What really happened before Leonard Nimoy's Spock traveled back in time for J. J. Abrams' 2009 Star Trek movie, and what was the Vulcan's true connection to Eric Bana's villainous Nero? When rebooting the Star Trek movie franchise, Abrams sought to connect his new series to the franchise's history, but also wanted to break free from around half a century's worth of continuity. The director's solution was time travel. The Spock of the original Star Trek series goes back into the past alongside a small band of angry Romulans and drastically changes history, inadvertently creating a new reality dubbed the Kelvin Timeline.
Predictably, the time mechanics of the 2009 Star Trek movie create some confusion, and this is perhaps partly because the film only shows the tip of the iceberg. The rest of Spock's journey and the primary motivation for Nero's hatred is explored elsewhere, most notably in the Countdown graphic novel by the movie's writers, Roberto Orci and Alex Kurtzman. On screen, Leonard Nimoy explains to Kirk that he comes from 129 years in the future, a time threatened by the existence of an exploding supernova that could erase the entire galaxy. The shockwaves destroyed Romulus first, but Spock managed to prevent further damage by using red matter. Unfortunately, this wasn't enough for a group of Romulan miners lead by Nero, and the resulting battle dragged Spock's Jellyfish ship and Nero's Narada into the black hole the Vulcan had created.
The full story sheds more light on the matter. Prior to the emergence of the supernova, Spock was acting as the Federation's ambassador to Romulus, despite some reservations about a Vulcan holding this role. After learning of the impending cataclysm, Spock suggested his red matter plan to the Romulan senate, but his concerns were dismissed as over-zealous and paranoid. Trusting his own scientific mind, Spock knew that Romulus was in grave danger and teamed up with one of planet's miners, Nero, to carry out his plan despite the senate's decision.
Having witnessed the power of the supernova while on a mining expedition, Nero is gravely concerned about his planet's future, and Spock promises to do all he can to protect Romulus. Nero leaves his wife and child in order to aid Spock's red matter mission. The pair travel to Vulcan where, unsurprisingly, the council also oppose Spock's plan, and Nero threatens to hold each member responsible should Romulus fall. Fortunately, a certain Jean-Luc Picard is the Federation's ambassador to Vulcan and he opts to aid Spock and Nero's quest, enlisting Geordi La Forge to craft Spock's Jellyfish ship, as seen on the big screen. Ultimately, of course, Spock acts too late to save Romulus, Nero attacks him in anger, and both are sent back in time.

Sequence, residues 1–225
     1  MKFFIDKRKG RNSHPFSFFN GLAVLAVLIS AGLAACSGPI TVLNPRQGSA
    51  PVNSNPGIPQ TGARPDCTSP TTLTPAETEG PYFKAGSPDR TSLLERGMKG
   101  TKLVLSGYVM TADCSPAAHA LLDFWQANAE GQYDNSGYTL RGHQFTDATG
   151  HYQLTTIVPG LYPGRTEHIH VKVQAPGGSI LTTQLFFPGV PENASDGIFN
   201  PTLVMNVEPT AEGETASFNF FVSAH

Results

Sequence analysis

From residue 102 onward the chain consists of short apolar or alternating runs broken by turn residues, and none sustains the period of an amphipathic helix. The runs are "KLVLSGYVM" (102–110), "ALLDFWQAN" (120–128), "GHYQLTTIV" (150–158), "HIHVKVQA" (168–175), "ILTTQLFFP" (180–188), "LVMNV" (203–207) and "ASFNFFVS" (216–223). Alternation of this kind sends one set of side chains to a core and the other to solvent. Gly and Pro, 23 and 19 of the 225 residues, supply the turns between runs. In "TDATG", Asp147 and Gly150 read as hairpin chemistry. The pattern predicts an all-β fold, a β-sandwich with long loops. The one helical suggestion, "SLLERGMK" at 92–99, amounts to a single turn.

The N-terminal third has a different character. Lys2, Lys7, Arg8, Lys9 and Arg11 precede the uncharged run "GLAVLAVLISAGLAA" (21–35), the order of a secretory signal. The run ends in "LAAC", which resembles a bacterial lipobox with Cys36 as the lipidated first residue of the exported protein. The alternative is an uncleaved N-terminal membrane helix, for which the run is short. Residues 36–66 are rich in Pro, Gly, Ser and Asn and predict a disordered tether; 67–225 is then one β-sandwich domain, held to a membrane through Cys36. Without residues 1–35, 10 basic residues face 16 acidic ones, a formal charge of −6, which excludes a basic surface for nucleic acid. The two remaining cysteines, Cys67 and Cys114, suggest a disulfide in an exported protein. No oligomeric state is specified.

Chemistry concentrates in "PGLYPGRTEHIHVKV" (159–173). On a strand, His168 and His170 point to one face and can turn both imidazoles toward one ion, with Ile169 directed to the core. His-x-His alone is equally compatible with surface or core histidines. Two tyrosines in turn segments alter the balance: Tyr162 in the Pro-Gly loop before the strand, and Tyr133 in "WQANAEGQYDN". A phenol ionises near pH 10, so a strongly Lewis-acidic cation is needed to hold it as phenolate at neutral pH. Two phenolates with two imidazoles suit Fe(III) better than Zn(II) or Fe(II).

This full version of Spock's time travel and Nero's backstory serves several purposes. Firstly, Eric Bana's Nero becomes a far more rounded villain. The Countdown backstory explains why Nero is so bitter towards the Federation and gives him an extra motivation to destroy Vulcan, punishing those who hindered the potential salvation of his home planet, rather than simply to make Spock feel his pain. Seeing Nero as a working family man before all the facial tattoos and wanton violence also adds much depth to his character and establishes a more personal connection with Spock. The two had a deal, promises were made and, as far as Nero is concerned, they were not kept.
The prequel story also helps tie J. J. Abrams' Kelvin Timeline into the Prime Timeline by introducing more connections than just Leonard Nimoy's Spock. The revelation that a character from Star Trek: The Next Generation built the Jellyfish, for example. Moreover, Picard is likely sharing in Spock's shame and guilt at not having been able to stop the destruction of Romulus. This may well feed into the forthcoming Star Trek: Picard series, in which Romulans appear to play a significant role. Tellingly, Countdown writer, Alex Kurtzman, is acting as showrunner for Patrick Stewart's upcoming series.
Another key addition to the story of the 2009 Star Trek movie is that Spock knew full well his mission to stop the singularity was a one-way trip. It's suggested in the film that Spock was essentially dragged into the past by Nero. This is only half true, and the comic story makes it clear that Spock had no intention of escaping, making his sacrifice all the more heroic.